Here’s What Happened the Last Time the Government Shut Down

PHOTO: Richard Trott of the National Park Service puts up a sign announcing the closure of the Lincoln Memorial due to the government shutdown on Oct. 1, 2013 in Washington, DC.PlayMatt McClain/Washington Post/Getty Images
WATCH Scenes From a Government Shutdown: Day 1

On the brink of President Obama’s expected executive action on immigration, rumors of another potential government shutdown are swirling.

It was just over a year ago when, on Oct. 1, 2013, the government shut down for 16 days after Congress was unable to agree on a budget for the new fiscal year.

PHOTO: Chris Cox took it upon himself to mow the Lincoln Memorials lawn, Oct. 9, 2013.ABC News
Chris Cox took it upon himself to mow the Lincoln Memorial's lawn, Oct. 9, 2013.

In case anyone forgot, here’s a refresher on what happened the last time the government shut down:

It started over Obamacare. Congress failed to come to an agreement on a budget after Republican lawmakers began pushing to defund Obamacare. Not surprisingly, Senate Democrats and the Obama administration rejected the proposals and the resulting impasse led to the partial shutdown that began in early October 2013.

Nearly 800,000 federal employees were out of work without pay. In addition, more than a million other working employees had their paychecks delayed. On day five of the shutdown, Congress voted to give the furloughed government employees retroactive pay. Meanwhile, some members of Congress kept collecting their paychecks, while others voluntarily gave theirs up.

Nonessential departments and employees were furloughed. National parks, the National Zoo and NASA were all closed. The National Park Service lost more than 700,000 daily visitors, who typically add about $76 million to the national economy each day.

One man mowed the lawn outside the national monuments. Chris Cox rose to fame after being spotted mowing the lawn outside the Lincoln Memorial. Cox took over for the U.S. Park Service employees and was seen mowing the lawn and emptying the area's overflowing trash cans. He called the federal government’s neglect of national parks “unacceptable.”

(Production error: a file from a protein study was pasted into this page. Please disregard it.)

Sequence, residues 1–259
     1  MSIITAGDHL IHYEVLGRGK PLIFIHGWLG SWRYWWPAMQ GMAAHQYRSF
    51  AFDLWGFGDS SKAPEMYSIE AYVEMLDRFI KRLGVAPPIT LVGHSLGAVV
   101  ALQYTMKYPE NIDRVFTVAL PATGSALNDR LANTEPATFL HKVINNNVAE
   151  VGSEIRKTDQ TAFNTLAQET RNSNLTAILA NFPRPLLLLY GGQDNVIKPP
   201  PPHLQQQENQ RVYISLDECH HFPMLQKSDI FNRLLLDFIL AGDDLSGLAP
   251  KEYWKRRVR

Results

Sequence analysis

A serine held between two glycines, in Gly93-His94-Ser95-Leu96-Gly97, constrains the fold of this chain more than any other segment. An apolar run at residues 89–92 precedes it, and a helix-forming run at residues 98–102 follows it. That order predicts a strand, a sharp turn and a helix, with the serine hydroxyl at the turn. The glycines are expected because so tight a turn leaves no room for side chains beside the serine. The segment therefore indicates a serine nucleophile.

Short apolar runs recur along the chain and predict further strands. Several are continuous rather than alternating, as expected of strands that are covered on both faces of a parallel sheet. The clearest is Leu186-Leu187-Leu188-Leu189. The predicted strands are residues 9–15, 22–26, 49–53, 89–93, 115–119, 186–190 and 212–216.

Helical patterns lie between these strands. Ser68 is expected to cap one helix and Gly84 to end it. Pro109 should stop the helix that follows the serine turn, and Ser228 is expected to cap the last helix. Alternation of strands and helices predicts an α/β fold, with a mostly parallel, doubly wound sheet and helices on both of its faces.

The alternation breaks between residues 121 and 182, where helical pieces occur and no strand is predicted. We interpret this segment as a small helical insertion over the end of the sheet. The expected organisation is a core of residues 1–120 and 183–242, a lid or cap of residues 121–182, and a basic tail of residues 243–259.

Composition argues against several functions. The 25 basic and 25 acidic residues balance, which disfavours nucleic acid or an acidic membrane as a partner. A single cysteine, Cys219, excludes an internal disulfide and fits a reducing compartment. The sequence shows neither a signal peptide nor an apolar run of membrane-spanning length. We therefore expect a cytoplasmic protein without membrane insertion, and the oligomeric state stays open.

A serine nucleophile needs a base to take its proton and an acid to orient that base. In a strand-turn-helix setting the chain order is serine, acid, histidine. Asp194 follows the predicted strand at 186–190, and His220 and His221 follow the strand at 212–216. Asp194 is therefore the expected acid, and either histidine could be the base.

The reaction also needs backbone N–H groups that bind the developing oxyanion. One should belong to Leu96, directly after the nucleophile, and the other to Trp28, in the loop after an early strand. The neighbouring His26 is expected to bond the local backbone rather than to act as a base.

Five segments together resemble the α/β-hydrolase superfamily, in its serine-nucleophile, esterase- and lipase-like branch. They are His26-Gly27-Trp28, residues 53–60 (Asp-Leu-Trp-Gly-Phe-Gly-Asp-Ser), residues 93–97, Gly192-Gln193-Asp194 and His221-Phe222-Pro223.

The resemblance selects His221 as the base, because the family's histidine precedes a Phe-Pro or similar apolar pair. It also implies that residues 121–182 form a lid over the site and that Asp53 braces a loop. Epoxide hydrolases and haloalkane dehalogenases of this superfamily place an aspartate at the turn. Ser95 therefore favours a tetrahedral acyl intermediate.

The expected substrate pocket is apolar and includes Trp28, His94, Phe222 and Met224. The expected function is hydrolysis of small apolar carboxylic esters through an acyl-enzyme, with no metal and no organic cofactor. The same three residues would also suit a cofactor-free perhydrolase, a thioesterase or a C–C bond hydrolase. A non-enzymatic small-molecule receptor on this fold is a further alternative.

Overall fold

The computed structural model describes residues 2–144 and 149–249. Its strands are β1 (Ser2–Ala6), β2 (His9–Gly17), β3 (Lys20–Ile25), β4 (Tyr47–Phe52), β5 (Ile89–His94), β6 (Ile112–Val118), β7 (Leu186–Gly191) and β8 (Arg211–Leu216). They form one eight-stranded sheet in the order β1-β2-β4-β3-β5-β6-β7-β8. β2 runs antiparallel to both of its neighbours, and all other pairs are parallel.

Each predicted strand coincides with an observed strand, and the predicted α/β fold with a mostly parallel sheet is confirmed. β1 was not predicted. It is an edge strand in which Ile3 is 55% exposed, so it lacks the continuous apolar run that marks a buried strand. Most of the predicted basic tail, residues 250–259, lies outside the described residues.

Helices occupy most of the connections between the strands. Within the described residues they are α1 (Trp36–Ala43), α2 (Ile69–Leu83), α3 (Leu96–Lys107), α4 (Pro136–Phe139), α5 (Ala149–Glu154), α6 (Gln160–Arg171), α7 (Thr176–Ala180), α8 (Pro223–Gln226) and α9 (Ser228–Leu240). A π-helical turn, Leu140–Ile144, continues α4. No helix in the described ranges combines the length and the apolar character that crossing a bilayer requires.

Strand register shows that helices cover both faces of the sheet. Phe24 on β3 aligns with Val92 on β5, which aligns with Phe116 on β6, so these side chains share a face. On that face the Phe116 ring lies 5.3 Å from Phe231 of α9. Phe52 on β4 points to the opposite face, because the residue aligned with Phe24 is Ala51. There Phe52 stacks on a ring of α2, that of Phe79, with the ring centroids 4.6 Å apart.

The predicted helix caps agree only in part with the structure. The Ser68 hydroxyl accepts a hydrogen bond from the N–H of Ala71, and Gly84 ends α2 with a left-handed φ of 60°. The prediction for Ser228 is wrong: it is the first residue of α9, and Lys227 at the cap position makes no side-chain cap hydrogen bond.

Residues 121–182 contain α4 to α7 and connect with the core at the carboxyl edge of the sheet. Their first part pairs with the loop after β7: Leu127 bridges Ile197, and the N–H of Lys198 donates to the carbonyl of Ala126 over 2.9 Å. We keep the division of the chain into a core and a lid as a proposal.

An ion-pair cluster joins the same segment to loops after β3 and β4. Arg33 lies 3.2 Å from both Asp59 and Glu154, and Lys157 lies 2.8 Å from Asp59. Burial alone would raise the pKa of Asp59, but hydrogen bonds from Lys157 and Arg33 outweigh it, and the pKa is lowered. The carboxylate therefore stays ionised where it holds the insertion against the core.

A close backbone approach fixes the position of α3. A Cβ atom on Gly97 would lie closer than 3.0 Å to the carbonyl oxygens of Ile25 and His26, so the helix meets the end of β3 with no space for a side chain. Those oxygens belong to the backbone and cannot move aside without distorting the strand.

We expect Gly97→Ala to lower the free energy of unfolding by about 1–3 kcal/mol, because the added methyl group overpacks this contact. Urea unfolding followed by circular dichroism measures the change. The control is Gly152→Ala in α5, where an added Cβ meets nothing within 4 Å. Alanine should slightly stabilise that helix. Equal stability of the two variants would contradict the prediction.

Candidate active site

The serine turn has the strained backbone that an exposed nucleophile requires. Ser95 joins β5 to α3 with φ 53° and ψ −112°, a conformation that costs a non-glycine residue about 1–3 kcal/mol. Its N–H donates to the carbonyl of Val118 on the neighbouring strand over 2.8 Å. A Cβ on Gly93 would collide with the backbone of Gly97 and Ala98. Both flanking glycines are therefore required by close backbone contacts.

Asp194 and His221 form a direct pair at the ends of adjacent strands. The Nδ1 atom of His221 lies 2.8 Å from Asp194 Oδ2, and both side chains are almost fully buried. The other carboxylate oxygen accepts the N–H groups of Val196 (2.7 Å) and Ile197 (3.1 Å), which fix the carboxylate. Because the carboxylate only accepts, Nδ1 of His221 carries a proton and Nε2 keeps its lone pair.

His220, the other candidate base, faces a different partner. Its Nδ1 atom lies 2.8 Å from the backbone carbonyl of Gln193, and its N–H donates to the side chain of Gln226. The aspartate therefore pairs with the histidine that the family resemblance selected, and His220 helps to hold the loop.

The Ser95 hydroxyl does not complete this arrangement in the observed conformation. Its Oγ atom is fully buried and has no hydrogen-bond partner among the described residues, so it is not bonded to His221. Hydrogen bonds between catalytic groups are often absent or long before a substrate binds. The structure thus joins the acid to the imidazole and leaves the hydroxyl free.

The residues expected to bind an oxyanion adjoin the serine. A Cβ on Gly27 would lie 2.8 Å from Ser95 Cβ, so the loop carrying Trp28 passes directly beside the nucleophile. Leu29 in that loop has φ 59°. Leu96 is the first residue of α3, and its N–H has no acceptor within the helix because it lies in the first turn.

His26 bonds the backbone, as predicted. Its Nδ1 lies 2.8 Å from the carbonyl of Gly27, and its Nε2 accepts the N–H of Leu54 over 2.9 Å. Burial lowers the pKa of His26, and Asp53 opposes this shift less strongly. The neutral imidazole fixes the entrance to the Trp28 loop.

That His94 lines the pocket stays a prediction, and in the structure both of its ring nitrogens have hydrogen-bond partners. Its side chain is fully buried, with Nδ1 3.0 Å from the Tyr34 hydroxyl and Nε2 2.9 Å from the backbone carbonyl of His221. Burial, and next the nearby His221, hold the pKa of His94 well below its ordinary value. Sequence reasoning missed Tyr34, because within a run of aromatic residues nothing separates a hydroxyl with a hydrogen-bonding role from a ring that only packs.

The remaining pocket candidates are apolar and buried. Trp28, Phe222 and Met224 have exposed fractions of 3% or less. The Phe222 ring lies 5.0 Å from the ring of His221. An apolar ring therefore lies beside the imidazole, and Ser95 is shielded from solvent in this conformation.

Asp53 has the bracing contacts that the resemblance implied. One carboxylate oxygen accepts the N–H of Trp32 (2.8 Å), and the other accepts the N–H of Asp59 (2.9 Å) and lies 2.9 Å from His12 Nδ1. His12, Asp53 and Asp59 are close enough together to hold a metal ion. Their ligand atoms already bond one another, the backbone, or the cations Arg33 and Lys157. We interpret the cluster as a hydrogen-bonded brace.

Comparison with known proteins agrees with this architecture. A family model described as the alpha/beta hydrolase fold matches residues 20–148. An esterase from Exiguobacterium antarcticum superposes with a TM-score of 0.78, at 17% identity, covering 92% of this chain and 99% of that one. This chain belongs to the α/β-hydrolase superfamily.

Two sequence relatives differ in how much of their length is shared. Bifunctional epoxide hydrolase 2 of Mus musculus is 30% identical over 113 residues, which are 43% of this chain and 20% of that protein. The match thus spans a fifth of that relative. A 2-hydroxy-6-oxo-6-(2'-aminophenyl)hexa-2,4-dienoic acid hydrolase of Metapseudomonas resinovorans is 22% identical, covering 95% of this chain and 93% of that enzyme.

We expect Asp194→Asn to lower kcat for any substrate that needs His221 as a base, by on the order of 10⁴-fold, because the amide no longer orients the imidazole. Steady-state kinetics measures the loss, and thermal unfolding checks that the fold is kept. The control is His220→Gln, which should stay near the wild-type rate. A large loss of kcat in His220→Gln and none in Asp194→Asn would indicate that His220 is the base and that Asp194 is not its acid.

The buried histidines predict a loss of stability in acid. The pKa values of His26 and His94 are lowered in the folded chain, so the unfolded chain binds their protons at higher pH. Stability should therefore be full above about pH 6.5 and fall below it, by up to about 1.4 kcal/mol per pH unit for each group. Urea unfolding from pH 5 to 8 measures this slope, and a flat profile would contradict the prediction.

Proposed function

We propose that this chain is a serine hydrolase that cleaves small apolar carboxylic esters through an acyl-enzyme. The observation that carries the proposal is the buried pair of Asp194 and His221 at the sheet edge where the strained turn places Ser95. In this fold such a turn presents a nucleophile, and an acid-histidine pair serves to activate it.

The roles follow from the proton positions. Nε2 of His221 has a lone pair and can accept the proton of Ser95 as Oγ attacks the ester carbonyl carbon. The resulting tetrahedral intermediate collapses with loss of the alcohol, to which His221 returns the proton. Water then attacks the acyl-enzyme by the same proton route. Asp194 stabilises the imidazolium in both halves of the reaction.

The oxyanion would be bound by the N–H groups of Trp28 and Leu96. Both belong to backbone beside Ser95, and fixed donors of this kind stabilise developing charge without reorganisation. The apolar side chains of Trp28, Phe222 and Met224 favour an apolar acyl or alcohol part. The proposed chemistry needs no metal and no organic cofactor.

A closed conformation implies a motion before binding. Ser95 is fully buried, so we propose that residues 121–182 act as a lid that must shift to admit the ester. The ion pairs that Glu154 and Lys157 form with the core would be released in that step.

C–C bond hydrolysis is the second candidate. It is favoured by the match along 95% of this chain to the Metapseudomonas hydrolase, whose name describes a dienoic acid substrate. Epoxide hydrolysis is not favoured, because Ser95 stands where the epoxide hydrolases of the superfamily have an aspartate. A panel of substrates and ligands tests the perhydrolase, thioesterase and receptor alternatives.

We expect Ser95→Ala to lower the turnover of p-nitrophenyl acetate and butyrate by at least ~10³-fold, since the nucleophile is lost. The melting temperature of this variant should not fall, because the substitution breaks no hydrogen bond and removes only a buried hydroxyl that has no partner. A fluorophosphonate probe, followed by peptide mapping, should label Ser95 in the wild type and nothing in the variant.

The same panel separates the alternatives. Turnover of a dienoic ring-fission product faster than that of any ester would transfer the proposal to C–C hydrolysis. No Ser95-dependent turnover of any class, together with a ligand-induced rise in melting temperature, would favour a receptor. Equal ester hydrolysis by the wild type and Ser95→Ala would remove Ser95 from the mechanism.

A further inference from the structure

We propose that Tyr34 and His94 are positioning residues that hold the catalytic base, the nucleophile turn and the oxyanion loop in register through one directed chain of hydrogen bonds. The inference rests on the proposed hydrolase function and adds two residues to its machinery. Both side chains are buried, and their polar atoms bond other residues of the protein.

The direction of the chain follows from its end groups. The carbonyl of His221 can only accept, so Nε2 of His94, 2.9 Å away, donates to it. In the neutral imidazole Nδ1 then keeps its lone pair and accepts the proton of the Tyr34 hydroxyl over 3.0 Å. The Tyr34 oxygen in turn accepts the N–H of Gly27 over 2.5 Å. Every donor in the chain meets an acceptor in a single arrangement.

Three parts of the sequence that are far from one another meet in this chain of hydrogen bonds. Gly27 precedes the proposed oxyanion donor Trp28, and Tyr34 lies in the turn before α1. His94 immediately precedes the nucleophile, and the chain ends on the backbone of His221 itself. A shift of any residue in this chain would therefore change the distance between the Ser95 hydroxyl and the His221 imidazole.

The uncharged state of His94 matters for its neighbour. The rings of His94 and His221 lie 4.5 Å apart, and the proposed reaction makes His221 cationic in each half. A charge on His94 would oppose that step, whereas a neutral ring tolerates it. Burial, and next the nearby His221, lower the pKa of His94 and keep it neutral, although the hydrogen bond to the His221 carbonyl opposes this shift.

Veterans pushed past barricades of the closed WWII memorial. The World War II memorial was technically closed because of the shutdown, but that didn’t stop 92 Mississippi Gulf Coast Honor Flight Veterans from crossing the barricades and touring the site.

V.A. financial benefits were disrupted. Millions of veterans and their families almost did not receive their benefits. The Veterans Affairs secretary at the time, Eric Shinseki, warned that if the shutdown continued through late October, the agency would not be able to send out compensation checks to 5.1 million veterans.

There was an increase in restaurant beverage (mostly liquor) sales. Beverage sales saw a 3 percent increase during the first week of October compared to the first week of September that year.

#Shutdownbeards became a thing. With extra time on their hands and no meetings to look presentable for, some furloughed federal staffers tweeted out pictures of their beards, refusing to shave until Congress ended the shutdown.

It cost the country $24 billion. According to estimates by the financial services company Standards & Poor’s, the government shutdown cost America a whopping $24 billion, or $1.5 billion a day.

The shutdown finally came to an end. On Oct. 16, the Senate and House voted to fund the government until Jan. 15 and extend the debt limit. Minor changes were made to Obamacare requiring income verification for those receiving health care. President Obama signed the bill shortly after midnight on Oct. 17, ending the shutdown.

"You don't like a particular policy or a particular president? Then argue for your position. Go out there and win an election," Obama said.

One year later, Republicans did.